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Fungal Composition of Air and Precipitation in Southern New Mexico Dave DuBois, Dept. of Plant and Environmental Sciences, NMSU, Las Cruces, NM Soum Sanogo.

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Presentation on theme: "Fungal Composition of Air and Precipitation in Southern New Mexico Dave DuBois, Dept. of Plant and Environmental Sciences, NMSU, Las Cruces, NM Soum Sanogo."— Presentation transcript:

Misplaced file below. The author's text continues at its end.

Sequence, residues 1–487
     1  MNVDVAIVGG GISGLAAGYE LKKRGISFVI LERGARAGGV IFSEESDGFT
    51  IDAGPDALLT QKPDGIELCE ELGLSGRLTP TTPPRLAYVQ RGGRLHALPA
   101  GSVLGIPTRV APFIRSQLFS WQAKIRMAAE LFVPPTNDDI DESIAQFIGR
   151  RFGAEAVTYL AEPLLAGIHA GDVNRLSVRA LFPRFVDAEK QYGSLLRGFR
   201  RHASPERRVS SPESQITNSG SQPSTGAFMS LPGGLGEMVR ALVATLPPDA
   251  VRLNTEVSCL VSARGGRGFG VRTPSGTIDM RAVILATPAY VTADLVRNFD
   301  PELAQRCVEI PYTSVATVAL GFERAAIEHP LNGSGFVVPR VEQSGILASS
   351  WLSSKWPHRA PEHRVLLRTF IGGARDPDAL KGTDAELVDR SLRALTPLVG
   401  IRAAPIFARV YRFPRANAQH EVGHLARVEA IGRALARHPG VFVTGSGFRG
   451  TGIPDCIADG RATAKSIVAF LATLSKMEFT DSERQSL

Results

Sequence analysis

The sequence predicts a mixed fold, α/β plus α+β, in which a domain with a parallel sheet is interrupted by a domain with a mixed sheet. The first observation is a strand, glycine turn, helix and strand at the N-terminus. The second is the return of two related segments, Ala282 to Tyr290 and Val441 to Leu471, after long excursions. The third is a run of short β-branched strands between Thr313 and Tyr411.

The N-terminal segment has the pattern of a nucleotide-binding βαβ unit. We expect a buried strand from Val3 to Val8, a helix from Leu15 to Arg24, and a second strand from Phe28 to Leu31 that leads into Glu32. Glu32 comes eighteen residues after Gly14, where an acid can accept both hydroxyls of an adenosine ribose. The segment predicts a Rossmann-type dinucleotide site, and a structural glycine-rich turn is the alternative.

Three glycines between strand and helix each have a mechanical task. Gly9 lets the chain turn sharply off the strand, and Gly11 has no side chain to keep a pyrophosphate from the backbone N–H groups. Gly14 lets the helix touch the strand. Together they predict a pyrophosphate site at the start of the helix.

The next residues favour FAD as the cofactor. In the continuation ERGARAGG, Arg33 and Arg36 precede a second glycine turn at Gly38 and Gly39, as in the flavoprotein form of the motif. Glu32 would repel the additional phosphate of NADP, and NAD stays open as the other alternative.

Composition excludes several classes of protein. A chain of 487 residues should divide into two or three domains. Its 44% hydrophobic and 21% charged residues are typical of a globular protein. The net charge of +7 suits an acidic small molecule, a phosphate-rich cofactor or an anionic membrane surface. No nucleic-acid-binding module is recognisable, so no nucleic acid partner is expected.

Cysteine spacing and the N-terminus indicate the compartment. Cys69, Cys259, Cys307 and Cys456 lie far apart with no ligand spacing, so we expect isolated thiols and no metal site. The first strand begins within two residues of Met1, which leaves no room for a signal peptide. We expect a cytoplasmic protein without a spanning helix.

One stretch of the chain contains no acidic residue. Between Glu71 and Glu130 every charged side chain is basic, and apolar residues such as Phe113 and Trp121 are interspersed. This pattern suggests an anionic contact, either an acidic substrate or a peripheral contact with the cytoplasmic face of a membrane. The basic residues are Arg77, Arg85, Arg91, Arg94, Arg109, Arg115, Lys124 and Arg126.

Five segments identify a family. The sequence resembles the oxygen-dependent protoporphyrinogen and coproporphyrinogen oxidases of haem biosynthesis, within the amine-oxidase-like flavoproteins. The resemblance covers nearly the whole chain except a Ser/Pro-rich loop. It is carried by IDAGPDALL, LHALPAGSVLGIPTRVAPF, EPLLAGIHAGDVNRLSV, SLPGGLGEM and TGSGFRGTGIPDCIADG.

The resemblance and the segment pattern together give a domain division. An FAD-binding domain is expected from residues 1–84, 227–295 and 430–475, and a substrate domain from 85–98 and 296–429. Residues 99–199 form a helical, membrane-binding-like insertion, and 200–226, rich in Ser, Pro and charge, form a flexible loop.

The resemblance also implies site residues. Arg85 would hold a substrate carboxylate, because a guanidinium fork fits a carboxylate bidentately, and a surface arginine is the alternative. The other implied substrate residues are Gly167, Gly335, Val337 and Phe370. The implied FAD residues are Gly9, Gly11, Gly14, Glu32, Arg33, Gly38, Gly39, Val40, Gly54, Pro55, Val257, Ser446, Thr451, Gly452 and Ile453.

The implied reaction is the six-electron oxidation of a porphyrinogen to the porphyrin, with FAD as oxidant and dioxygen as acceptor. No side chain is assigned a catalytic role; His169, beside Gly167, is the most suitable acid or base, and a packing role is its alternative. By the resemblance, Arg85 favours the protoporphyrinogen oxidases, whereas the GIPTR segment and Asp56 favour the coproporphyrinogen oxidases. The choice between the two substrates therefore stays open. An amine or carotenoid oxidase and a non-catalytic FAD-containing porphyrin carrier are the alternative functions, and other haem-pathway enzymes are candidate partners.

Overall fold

1 Fungal Composition of Air and Precipitation in Southern New Mexico Dave DuBois, Dept. of Plant and Environmental Sciences, NMSU, Las Cruces, NM Soum Sanogo & Melanie Lytle, Dept. of Entomology, Plant Pathology & Weed Science, NMSU, Las Cruces, NM Introduction Respiratory illnesses have been attributed to poor air quality both outdoors and in the home. The Clean Air Act mandates monitoring of a number of gas and aerosol pollutants that have been studied and shown to have causal relationships between human health and concentrations. Bioaerosols are not routinely monitored by state, local, and tribal agencies though they have been attributed to respiratory diseases such as asthma. Bioaerosols are also sources of nuclei for cloud processes and important for climate monitoring. We describe a study to build a taxonomic database of fungal species in southern New Mexico and surrounding area. Objectives To build a taxonomic database of fungal species from various land use land cover types in southern New Mexico, west Texas, and northwestern Chihuahua, Mexico. Samples were collected near the surface near suspected dust sources and during high dust loading events. Materials and Methods We collected fungal species in both dry and wet deposition samples over the spring, summer, and fall of For dry deposition samples we used both passive and active sampling methods. The passive method used agar plates exposed for 2 hours to ambient air at a height of 1-meter above the ground. We also used SKC a Biostage and Anderson cascade impactor for collecting particles in several micron- sized categories. We deposition samples were collected using zip lock bags inserted in 4-inch CoCoRaHS rain gauges. Data and Results Over all sites, the total number of fungi varied from 7 to over 167 as the figure below shows. The sample with the most number of fungi present was collected during a thunderstorm outflow event. Interestingly, several samples with the relatively highest number of fungal colonies are during thunderstorms. Samples that were collected at or near a cattle yard or dairy are shown in the figure as cross hatched. Conclusions We collected 23 different fungial species as part of our fungal taxonomy database for the region. Samples were taken at diverse locations including dairies in Mesilla Valley, along the border at Columbus/Palomas port of entry, two suburban locations in Las Cruces and El Paso, at two construction sites in Las Cruces, on the campus of NMSU, and a background site at the top of Sandia Peak at 10,000 feet. Fungal abundance in rainfall varied by over four orders of magnitude over all samples. Implications Of these fungal microorganisms, many have been reported to be associated with medical conditions. For example, Aureobasidium, a fungus with yeast-like growth known for its allergenic properties (asthma and hay fever), may become an opportunistic pathogenic microorganism associated with health issues such as pulmonary mycosis. Similarly, other fungal microorganisms such as Aspergillus niger and Aspergillus fumigatus are also associated with medical conditions including aspergillosis. Acknowledgements Funding was provided by the New Mexico Department of Health Office of Border Health We greatly appreciate the sampling efforts from E. Smith, R. Armenta, and M. Bleiweiss 93 rd AMS Annual Meeting, 7 January 2013 Poster No Sampling locations Dry aerosols with SKC sampler at 28 lpm Wet deposition with rain gauge In the laboratory we monitored Petri plates for fungal growth and enumerated fungal colonies. We then catalogued and enumerated each fungal colony based on color, growth pattern, and texture. We characterized each colony type by molecular method through PCR and examined each colony type by microscopy. One pair of samples collected near dairy dust sources showing diversity and spatial variation within 2 km Las Cruces Palomas Cd. Juarez nmborderair.nmsu.edu


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